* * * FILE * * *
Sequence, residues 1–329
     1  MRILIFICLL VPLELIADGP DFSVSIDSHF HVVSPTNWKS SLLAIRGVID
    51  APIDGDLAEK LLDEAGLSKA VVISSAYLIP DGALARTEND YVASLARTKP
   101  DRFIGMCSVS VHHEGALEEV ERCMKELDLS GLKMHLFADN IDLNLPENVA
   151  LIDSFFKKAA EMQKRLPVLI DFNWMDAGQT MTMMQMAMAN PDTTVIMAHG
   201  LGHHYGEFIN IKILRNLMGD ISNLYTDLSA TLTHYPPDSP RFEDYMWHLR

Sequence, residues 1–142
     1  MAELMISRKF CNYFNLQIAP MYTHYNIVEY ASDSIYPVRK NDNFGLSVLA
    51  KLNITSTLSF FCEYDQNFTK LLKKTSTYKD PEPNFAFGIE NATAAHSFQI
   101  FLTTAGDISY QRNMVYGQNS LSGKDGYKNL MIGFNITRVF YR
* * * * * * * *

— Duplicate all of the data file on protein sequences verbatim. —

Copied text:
Sequence, residues 1–329
     1  MRILIFICLL VPLELIADGP DFSVSIDSHF HVVSPTNWKS SLLAIRGVID
    51  APIDGDLAEK LLDEAGLSKA VVISSAYLIP DGALARTEND YVASLARTKP
   101  DRFIGMCSVS VHHEGALEEV ERCMKELDLS GLKMHLFADN IDLNLPENVA
   151  LIDSFFKKAA EMQKRLPVLI DFNWMDAGQT MTMMQMAMAN PDTTVIMAHG
   201  LGHHYGEFIN IKILRNLMGD ISNLYTDLSA TLTHYPPDSP RFEDYMWHLR

Sequence, residues 1–142
     1  MAELMISRKF CNYFNLQIAP MYTHYNIVEY ASDSIYPVRK NDNFGLSVLA
    51  KLNITSTLSF FCEYDQNFTK LLKKTSTYKD PEPNFAFGIE NATAAHSFQI
   101  FLTTAGDISY QRNMVYGQNS LSGKDGYKNL MIGFNITRVF YR